No mystery to Dogs-Cats: Whoever runs best wins the game

Will Washaun Ealey finally break the 100-yard rushing mark this week? (Brant Sanderlin / AJC)

Will Washaun Ealey finally break the 100-yard rushing mark this week? (Brant Sanderlin / AJC)

Whether you’re going to be wearing red and black or blue and white on Saturday, you figure to be watching your team try to run the ball down the throat of the opponent.

Kentucky coach Rich Brooks may have talked this week about his team needing to be able to throw the ball in order to beat Georgia, but with a still relatively inexperienced freshman quarterback in Morgan Newton and the Cats ranking 112th nationally in passing offense, that’s probably not going to be his first choice of attack.

Especially since the Wildcats rank 17th nationally in rushing offense, averaging just over 200 yards per game. The Cats’ Mr. Everything, Randall Cobb, who gashed the Dogs so badly last year, may be banged up, but they’ve also got Derrick Locke in in the backfield, and he ranks fifth in the conference, averaging 82 yards per game. He’s had three 100-yard rushing games this season.

Fortunately, the Dogs appear to stack up pretty well against the Cats in defending the run. Georgia ranks 34th nationally in rushing defense (third in the SEC), giving up 120 yards a game. And they haven’t allowed a back to hit 100 yards so far this season. But if Cobb plays, the Dogs need to be especially mindful of him taking direct snaps in the “WildCobb” formation and keep that under control.

The Dogs, meanwhile, still rank next to last in the conference in rushing offense, averaging 135 yards per game, but that includes those early games when they basically didn’t have a running attack at all. Over the past few games, the line has improved its play and tailbacks Washaun Ealey and Caleb King have become much more of a threat. That’s how Georgia was able to take the game away from Auburn in the second half last week.

Factor in that Georgia’s No. 1 offensive weapon, wide receiver A.J. Green, will be on the sidelines in a sling and it’s obvious what the Dogs have to do. Again, the Dogs stack up pretty well against the Cats in this regard, since Kentucky’s rushing defense ranks next to last in the SEC, allowing 177.6 yards per game. It’s true, as Mark Richt noted this week, that the Cats have been hurt the most on the ground by spread option attacks and have done a better job against traditional offenses like Georgia’s, but the Dogs can toss reverses and Wild Dawg plays using speedster Branden Smith into the mix.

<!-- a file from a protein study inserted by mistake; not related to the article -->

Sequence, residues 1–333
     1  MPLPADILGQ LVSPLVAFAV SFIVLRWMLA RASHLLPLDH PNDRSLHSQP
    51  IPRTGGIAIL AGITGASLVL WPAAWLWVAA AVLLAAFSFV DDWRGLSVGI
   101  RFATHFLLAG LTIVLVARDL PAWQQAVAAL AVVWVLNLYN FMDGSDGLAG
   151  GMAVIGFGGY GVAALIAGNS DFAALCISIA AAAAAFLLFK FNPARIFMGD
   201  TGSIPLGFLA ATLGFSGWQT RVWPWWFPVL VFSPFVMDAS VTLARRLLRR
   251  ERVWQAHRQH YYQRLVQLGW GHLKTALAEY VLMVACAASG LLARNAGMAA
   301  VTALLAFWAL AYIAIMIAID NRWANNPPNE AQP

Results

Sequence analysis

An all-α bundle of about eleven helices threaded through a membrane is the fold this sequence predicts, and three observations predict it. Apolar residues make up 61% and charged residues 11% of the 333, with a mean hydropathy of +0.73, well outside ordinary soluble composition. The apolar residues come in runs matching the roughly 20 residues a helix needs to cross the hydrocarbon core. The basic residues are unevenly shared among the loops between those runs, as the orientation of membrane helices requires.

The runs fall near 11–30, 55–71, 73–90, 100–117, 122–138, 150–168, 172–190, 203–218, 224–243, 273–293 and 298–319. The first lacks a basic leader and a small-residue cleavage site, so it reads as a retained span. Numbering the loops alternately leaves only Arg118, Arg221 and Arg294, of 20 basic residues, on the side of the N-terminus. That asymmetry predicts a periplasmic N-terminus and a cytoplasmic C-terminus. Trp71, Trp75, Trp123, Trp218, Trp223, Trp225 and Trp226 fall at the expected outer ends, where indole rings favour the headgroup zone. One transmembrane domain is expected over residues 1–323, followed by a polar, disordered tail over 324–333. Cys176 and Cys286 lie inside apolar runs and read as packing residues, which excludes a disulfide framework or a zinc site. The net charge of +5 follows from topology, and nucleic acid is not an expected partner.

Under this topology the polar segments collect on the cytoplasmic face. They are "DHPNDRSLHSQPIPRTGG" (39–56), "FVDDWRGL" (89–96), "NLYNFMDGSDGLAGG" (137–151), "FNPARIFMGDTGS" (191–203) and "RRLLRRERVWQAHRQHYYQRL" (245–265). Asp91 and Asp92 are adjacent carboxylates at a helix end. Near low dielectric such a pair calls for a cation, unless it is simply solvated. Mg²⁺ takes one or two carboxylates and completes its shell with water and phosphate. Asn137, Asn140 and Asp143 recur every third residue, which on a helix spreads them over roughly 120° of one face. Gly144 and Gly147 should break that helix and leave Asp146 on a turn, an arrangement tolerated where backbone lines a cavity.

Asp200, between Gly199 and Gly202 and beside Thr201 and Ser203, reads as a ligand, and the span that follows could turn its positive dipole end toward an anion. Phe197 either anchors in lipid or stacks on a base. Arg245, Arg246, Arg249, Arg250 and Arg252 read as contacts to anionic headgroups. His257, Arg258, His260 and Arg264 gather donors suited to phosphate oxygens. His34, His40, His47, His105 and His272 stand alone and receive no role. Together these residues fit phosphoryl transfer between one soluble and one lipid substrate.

Chances are Kentucky will load the box against the run and dare Joe Cox to throw long to beat them. Their passing defense ranks ninth nationally, cornerback Trevard Lindley is a Sunday-caliber player, and the Cats have intercepted a pass in six straight games and are tied for 19th nationally in that category. Cox, of course, has had his problems throwing to the wrong team this season, but he hasn’t done it in the past two games. And if the Cats sell out against the run, some of those long passes downfield at which Cox excels should be open to Tavares King, Israel Troupe and Orson Charles.

Ketucky’s success with picks this season brings up another key to a Georgia win over Kentucky: turnovers and penalties. The Dogs got both nagging problems under control last week against Auburn. They definitely need to avoid a relapse this week.

Georgia’s other persistent problem this season has been covering kicks, and that could prove a real danger area against the Cats. Locke leads the SEC and is sixth nationally in kickoff returns, averaging 30.9 yards, and Cobb is third in the SEC and 15th nationally returning punts. The Dogs rank 118th nationally in kickoff coverage, allowing about 27 yards per return.

Last week, we saw that even when Blair Walsh perfectly executes special teams coach Jon Fabris’ beloved directional kicks to the corner, the Dogs have coverage problems. It’s time for Fabris to run up the white flag on this and just let Walsh try to kick it as far into the end zone as he can. If it’s returnable, we’re not any worse off. And past experience shows more than a few of those kicks likely will result in touchbacks, since Walsh has managed to kick 14 of them, good for 11th nationally.

Georgia’s favored by 8.5 points. If Cobb, who missed practice time this week with an injured shoulder, plays for Kentucky, it could be closer than that. If Cobb isn’t able to be effective, the Cats will have a hard time keeping up.

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Real Tech

November 23rd, 2009
9:31 am

Run Dawgs the Yellowjackets are coming Run.